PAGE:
Some of the high school students who made up the Canadian team at this year’s International Space Settlement Design Competition, held at NASA’s Kennedy Space Center in Florida in July. (Photo submitted)

‘Very surreal’: B.C. students help design space colony in NASA-backed competition

Lower Mainland teens were part of the victorious team at NASA’s Kennedy Space Center in Florida in July

Imagine designing a city in space.

Several Lower Mainland high school students did just that and have returned home after helping their team win a NASA-backed contest that involved designing a habitable space colony.

The International Space Settlement Design Competition was held at NASA’s Kennedy Space Center in Florida from July 26 to 30.

“It was intense,” laughed Aden Jabbar, who is starting Grade 12 at Surrey’s Princess Margaret Secondary this fall.

She was one of roughly 20 Metro Vancouver students – about half of whom are from Surrey – who participated in the annual competition.

“We were treated like actual engineers,” said Aden, who is in a NASA club at her high school. “The judges, they were questioning us like we were real engineers proposing a real design. It’s stressful.”

As for the win?

”I was so shocked. I was like, ‘How is this even possible?’” said Aden, chuckling. “After doing this I feel like I’m more interested in pursuing a degree in engineering because this has given me a real life experience of actually working in the field. Actually designing proposals for real companies. It was really cool.”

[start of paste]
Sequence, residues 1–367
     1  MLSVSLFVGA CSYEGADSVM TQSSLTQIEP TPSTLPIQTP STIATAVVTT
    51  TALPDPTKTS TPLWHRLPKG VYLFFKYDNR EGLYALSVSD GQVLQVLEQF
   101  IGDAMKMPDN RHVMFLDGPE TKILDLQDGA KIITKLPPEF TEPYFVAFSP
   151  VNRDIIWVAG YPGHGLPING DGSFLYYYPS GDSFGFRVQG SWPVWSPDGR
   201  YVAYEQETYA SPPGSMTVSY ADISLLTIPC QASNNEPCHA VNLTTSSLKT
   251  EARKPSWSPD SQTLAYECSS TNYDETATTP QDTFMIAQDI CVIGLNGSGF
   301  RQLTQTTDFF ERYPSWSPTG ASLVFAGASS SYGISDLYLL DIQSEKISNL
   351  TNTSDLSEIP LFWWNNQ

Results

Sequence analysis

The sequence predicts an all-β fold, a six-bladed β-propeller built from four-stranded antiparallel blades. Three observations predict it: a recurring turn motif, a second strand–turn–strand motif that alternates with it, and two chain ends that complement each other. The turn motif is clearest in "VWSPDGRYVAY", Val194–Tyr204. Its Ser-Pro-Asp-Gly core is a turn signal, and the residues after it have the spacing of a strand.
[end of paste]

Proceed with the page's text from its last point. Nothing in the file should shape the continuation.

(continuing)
The competitors – from around the globe – were split into “companies” and tasked with designing, developing and planning operations for “the second large space settlement on Earth’s Moon Luna” in the year 2059. It was dubbed the “Balderol.”

READ ALSO: NASA launches Orion crew capsule to test abort system

homelessphoto

(Some of the local high school students who represented Canada at the International Space Settlement Design Competition in Florida this past July. Submitted photo)

According to their “settlement contract,” the colony had to be a safe living and working environment for a minimum of 16,000 full-time residents.

From infrastructure to safety to automation to costing and even a schedule for construction, the teens had their work cut out for them and were even assigned roles in the company’s hierarchy. The competition involved not only the design and planning phase, but also a presentation to judges and an audience of at least a couple hundred.

The Metro Vancouver students were teamed up with other teens from the U.S., a team from India as well as a team from Uruguay.

In all, about 60 students from the four countries worked on the winning space colony design, meaning about a third of the victorious team were Canadians.

Alvina Gakhokidze, who is entering Grade 12 at Delta’s Seaquam Secondary in September, was in the structural engineering section, helping to design actual buildings.

“My heart was pounding so loudly,” Alvina recalled of the moment before the team found out they’d won. “In the last few seconds I just covered my eyes. It was torture. Then she finally revealed it, there was this whole video of everyone jumping. We all went on stage and got medals. Then we got these big trophies, rocket trophies.”

Alvina said she never would’ve guessed she’d be in a contest that involved designing a space settlement.

“Now I want to be an aerospace engineer,” she said. “Oh, how things change.”

“I like innovation, so that, I think, is my direction.”

READ ALSO: ‘Canada is going to the moon’: Trudeau announces partnership in NASA-led quest

homelessphoto

(Alvina Gakhokidze, left, and Aden Jabbar are two of several local high school students who were part of a winning space colony design competition in the U.S. in July. Photo: Amy Reid)

Another student from Princess Margaret’s NASA club, Mehtab Brar, said it was great to “encounter real people from the industry.”